This explication of the basic purpose of the invention puts the three little words-"flexible interconnection means"-in perspective. And given this perspective, we hold that the patentee/lexicographer intended to connote the adjustability of the shear head via the "flexible interconnection means".8
The Cylindrical Argument
White makes much ado about the peculiar nature of the hydraulic cylinder. Specifically, he argues that a double acting hydraulic cylinder, because of its capability of rigidity, could not conceivably be the equivalent of a "flexible interconnection means". Thus, the argument goes, the Meece-Dew patent cannot be construed to "cover a double acting hydraulic cylinder as the sole element of the support linkage".
Contrasting the concepts of "rigidity" and "flexibility", the trial court found this line of reasoning to be persuasive. This is particularly so, according to the Court, where the double acting hydraulic cylinder on the White shear possesses attributes not heretofore proclaimed by Meece and Dew, e. g. the fact that the force of the cylinder can be used to crush brush, snow, or other debris from the base of the tree to order to cut the tree at the lowest possible point. But if the original patentee possessed the novelty of conception, the infringer may not claim non-infringement merely because he put the patented means to a novel use. Beckman Instruments, Inc. v. Chemtronics, Inc., 5 Cir., 1970, 428 F.2d 555, 561; Walker, supra at Sec. 563.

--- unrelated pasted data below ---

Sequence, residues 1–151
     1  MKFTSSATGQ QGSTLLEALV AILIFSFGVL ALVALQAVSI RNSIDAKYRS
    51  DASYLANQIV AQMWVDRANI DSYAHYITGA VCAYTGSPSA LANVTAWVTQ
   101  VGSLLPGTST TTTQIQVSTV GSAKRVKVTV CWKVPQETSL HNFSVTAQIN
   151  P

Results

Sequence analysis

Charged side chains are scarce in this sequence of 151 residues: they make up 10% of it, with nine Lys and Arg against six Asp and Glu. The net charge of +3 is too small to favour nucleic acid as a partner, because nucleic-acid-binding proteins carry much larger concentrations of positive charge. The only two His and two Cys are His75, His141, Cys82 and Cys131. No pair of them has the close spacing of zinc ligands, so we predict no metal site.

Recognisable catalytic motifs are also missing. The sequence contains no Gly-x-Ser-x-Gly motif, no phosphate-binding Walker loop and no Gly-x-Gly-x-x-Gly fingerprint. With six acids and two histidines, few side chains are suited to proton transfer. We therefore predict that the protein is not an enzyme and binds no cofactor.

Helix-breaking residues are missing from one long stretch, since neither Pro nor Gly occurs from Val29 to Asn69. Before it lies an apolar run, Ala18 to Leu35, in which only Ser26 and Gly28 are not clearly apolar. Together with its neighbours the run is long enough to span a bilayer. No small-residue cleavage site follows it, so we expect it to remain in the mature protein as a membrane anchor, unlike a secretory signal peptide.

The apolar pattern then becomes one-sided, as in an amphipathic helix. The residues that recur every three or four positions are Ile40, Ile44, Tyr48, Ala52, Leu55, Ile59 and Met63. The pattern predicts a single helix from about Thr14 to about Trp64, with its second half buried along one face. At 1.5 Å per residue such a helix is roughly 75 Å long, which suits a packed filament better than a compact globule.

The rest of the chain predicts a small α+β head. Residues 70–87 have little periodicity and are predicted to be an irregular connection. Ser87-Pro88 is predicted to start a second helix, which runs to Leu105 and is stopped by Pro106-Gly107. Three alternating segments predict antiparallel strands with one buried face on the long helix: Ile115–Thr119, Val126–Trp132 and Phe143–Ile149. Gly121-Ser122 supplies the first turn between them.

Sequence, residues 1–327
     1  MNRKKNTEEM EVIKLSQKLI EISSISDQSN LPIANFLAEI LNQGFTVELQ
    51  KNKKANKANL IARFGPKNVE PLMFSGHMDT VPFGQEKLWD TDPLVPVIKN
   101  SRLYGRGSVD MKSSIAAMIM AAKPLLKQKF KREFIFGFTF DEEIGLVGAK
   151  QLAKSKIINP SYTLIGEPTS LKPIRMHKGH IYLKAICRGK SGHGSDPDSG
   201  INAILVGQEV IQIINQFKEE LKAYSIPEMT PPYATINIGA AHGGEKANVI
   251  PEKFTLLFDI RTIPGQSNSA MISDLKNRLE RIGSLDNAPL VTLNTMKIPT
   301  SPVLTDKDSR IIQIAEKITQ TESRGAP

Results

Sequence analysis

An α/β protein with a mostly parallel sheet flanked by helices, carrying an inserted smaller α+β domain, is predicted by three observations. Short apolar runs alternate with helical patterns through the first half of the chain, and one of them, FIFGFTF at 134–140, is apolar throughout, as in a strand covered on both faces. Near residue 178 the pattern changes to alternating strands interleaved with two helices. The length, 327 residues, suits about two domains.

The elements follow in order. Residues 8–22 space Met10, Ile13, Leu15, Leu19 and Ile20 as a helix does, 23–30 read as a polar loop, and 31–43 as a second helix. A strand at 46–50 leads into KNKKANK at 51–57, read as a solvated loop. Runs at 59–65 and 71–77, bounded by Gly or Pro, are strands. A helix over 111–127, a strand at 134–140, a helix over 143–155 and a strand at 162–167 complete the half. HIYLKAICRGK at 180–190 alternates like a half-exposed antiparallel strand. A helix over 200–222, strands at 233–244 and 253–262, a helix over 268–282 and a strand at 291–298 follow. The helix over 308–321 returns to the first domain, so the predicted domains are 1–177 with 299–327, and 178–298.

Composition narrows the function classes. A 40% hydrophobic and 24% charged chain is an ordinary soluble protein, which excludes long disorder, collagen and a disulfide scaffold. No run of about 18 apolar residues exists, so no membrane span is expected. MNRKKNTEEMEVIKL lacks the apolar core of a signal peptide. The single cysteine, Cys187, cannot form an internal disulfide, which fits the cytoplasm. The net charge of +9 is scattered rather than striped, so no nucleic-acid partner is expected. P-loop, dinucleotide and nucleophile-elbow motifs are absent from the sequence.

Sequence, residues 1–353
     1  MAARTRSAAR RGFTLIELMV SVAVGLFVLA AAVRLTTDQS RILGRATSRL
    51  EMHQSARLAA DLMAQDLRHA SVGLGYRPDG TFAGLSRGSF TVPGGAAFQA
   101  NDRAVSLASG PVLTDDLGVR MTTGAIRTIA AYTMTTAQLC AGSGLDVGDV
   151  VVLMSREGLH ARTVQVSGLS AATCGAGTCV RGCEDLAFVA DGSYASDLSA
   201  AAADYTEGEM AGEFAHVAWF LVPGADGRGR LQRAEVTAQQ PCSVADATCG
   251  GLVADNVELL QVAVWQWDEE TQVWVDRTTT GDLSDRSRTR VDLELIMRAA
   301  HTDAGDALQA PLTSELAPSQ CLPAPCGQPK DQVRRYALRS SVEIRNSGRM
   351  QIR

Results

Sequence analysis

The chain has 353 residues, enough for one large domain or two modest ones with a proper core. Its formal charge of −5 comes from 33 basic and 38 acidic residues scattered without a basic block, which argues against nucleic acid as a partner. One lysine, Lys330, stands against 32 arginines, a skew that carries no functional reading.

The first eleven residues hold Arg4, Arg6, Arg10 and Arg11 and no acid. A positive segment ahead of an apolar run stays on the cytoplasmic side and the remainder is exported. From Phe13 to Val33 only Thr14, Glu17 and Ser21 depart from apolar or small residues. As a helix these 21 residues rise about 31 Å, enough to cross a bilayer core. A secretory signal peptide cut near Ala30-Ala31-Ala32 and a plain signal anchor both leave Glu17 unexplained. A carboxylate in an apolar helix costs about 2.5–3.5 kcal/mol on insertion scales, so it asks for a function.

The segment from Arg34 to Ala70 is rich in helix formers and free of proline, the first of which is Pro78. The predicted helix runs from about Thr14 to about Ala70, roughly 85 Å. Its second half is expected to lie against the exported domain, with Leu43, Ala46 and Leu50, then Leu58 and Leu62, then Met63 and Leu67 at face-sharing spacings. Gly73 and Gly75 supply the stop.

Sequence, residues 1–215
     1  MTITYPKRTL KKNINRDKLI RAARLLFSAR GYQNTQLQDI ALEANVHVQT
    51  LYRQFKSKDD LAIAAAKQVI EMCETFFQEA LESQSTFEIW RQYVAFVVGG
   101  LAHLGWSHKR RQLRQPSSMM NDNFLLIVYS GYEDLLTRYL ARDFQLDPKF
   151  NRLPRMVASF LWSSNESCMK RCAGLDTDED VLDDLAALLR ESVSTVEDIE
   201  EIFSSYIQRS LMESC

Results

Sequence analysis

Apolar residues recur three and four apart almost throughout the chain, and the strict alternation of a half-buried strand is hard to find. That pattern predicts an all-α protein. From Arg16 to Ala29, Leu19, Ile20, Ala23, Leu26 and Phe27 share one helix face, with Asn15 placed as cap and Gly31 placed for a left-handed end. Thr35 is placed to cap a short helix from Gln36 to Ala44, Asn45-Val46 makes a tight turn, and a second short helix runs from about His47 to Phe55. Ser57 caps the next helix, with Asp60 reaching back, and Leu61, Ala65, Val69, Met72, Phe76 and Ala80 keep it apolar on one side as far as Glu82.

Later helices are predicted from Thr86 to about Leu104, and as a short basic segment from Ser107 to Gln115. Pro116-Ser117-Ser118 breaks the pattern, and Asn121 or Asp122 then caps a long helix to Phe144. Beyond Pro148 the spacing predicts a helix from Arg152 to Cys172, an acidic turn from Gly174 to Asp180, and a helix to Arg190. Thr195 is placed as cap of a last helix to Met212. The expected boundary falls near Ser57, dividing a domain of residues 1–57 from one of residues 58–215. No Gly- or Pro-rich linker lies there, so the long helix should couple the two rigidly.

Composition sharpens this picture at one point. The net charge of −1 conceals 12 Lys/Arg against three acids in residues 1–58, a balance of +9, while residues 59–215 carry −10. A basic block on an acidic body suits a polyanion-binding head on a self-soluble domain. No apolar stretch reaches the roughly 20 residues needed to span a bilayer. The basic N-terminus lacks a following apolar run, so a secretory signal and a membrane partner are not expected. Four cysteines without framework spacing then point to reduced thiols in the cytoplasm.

The District Court stated the identity of means test of infringement as follows:
Where a patentee elects to define an element of his claimed combination in terms of a "means" plus a function (as in the Meece claims "flexible interconnection means") it is essential for infringement that the corresponding means of the accused structure perform the same function in the same way to obtain substantially the same results.
The trial court then found two functions which the interconnection means in the Meece-Dew shear served: [i] to permit free pivotal movement of the shear head, and [ii] to serve to limit the downwardmost position of the are through which the shear head could move. [(Finding 7)]. In the White shear the pressure of the cylinder against "toter brackets" performed the latter task. Thus, the result was not obtained solely by the hydraulic cylinder. [(Finding 15)].